The application of international law and legal principles in cyberspace is a topic that has caused confusion, doubt, and interminable discussions between lawyers since the earliest days of the internationalization of the Internet. The still unresolved debate over whether cyberspace constitutes a fundamentally new domain that requires fundamentally new laws to govern it reveals basic ideological divides. On the one hand, the Euro-Atlantic community led by the United States believes, in broad terms, that activities in cyberspace require no new legislation, and existing legal obligations are sufficient. On the other, a large number of other states led by Russia and China believe that new international legal instruments are essential in order to govern information security overall, including those expressed through the evolving domain of cyberspace. Russia in particular argues that the challenges presented by cyberspace are too urgent to wait for customary law to develop as it has done in other domains; instead, urgent action is needed. This Letort Paper will provide an overview of moves toward establishing norms and the rule of law in cyberspace, and the potential for establishing further international norms of behavior.
For the last 4 decades, Israel has been challenged by the rise of ballistic arsenals in the Middle East. If, at first, the country kept relying on its traditional offensive doctrines, it eventually developed missile defense programs in the early-1980s through U.S.-Israel cooperation and then in the 2000s with the building of its iconic Iron Dome. This Israeli experience in missile defense reveals crucial lessons on the military adaptation to both new threats and new remedies that have direct implications for the United States and its allies.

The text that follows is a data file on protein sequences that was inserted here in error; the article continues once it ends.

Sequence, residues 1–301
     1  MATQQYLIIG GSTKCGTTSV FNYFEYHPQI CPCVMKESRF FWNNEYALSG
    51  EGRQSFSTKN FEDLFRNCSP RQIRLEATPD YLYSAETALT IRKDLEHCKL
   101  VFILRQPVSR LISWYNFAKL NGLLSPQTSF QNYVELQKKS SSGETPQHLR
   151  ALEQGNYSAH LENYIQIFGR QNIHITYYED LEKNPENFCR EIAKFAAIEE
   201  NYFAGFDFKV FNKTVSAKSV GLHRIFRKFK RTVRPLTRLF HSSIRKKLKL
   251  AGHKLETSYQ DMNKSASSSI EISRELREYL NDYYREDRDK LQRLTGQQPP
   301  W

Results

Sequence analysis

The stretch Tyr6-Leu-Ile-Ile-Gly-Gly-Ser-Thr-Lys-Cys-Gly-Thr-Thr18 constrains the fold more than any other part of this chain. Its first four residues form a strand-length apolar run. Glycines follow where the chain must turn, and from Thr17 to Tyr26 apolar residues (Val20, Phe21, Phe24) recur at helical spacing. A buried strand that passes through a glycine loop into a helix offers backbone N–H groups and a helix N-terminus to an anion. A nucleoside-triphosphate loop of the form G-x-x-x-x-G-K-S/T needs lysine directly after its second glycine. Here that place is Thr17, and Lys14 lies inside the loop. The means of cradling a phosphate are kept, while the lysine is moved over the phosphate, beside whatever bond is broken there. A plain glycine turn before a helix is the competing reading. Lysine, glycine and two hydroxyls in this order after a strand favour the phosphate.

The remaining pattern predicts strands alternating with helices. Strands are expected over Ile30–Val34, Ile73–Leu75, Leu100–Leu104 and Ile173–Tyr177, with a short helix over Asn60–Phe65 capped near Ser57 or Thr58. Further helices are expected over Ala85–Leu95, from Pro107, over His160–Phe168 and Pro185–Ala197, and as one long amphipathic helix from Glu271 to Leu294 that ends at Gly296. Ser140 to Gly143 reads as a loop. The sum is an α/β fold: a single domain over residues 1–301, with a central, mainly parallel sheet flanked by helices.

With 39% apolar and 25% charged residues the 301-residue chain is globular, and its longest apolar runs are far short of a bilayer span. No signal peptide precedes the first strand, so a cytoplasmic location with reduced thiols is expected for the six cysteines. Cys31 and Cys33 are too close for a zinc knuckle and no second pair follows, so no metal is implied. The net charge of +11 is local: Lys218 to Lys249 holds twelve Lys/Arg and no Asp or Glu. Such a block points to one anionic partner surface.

China and Russia have engaged in an increasing number of joint exercises in recent years. These drills aim to help them deter and, if necessary, defeat potential threats, such as Islamist terrorists trying to destabilize a Central Asian government, while at the same time reassuring their allies that Russia and China would protect them from such challenges. Furthermore, the exercises and other joint Russia-China military activities have a mutual reassurance function, informing Moscow and Beijing about the other’s military potential and building mutual confidence about their friendly intentions toward one another. Finally, the joint exercises try to communicate to third parties, especially the United States, that Russia and China have a genuine security partnership and that it extends to cover Central Asia, a region of high priority concern for Moscow and Beijing, and possibly other areas, such as northeast Asia. Although the Sino-Russian partnership is limited in key respects, the United States should continue to monitor their defense relationship since it has the potential to become a more significant international security development.